LX: Advertising becomes more of an assurance to the companies who choose to list their properties on Beike.
ZH: Yes, that is right. We want to give them a sense of confidence, which was crucial then.
In 2008, Zuo engaged IBM as an external consultant to solve specific business challenges. Once again, Zuo offers a realistic explanation for his decision.
ZH: We have been in touch with IBM since 2007 and officially engaged their services in 2008. The profits we made for that year went towards paying for their services
LX: Most companies believe that they can solve their problems internally.
ZH: We admit that we needed help. Even though it did not seem like IBM provided much help, we gained more from poaching their talents.
04 The mentality of an onlooker
Unlike those aggressive and domineering leaders, Zuo describes himself more as a neutral onlooker who is able to view his relationship with the company objectively. He has appointed professionals to run the companies he had founded and is not heavily involved in the daily operations or decision-making.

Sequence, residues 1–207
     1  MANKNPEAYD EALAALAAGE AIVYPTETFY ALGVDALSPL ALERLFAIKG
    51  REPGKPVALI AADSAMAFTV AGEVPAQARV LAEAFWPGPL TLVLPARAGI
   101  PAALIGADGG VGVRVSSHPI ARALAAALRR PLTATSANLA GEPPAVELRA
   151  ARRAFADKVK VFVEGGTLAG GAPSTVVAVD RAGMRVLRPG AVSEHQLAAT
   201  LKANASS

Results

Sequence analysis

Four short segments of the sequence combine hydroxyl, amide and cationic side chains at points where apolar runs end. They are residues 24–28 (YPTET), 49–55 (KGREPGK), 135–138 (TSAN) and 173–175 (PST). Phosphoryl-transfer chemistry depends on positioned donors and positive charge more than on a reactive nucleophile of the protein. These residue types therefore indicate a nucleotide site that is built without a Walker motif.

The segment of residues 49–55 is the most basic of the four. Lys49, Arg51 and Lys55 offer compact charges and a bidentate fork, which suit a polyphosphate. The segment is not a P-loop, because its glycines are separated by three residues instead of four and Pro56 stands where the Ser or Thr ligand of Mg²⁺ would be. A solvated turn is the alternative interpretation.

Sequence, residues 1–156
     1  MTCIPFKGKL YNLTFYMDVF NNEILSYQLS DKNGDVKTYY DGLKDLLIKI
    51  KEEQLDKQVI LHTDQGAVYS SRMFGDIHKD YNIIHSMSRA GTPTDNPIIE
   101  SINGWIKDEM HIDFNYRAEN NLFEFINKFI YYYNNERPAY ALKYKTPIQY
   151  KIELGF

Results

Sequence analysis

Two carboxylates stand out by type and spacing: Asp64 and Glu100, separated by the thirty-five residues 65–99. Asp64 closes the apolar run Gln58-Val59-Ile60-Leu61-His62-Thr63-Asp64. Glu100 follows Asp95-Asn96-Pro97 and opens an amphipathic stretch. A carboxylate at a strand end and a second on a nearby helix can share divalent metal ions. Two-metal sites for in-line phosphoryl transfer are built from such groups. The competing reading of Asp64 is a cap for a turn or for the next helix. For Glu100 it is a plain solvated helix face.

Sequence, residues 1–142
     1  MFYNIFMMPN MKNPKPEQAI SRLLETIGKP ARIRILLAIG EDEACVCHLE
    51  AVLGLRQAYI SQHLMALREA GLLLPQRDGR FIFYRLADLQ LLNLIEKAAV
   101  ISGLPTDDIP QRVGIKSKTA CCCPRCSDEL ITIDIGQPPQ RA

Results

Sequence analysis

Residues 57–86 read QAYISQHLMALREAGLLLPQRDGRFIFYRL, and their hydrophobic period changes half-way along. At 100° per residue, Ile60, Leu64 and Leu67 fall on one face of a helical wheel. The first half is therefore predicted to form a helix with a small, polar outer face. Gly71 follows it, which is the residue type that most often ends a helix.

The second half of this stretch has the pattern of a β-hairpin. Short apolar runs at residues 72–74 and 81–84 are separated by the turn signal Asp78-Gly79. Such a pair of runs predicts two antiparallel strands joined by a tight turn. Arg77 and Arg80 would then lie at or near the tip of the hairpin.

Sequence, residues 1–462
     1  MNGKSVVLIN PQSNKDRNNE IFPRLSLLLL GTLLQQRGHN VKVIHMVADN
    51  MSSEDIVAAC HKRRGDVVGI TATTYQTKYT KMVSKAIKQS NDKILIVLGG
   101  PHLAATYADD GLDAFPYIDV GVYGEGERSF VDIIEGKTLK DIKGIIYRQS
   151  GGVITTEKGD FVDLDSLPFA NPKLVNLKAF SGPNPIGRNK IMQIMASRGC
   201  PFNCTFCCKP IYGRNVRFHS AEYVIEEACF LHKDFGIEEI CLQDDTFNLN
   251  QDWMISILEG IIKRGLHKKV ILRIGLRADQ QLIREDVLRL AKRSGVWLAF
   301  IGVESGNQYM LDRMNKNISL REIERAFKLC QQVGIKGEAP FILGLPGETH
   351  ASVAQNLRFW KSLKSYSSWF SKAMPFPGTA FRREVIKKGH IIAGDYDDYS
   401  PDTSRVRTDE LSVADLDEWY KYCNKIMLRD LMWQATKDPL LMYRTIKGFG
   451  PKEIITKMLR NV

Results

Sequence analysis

My role in the organization is a neutral onlooker. I am not willing to impose my will on the organization. However, I am insistent about certain matters. But if everyone is not on board with my idea, so be it.
This mentality could be the very reason why Zuo is able to make rational and objective decisions.
The Chinese real estate brokerage industry has lost one of its brightest, visionary leaders. Zuo’s contribution to the healthy development of the industry in the past decade is undeniable, from providing customers with access to reliable real estate databases, polishing the professional image of realtors, and establishing the ACN network (broker cooperation network). Zuo has brought about much-needed disruption to the industry, and his legacy will live on through Beike.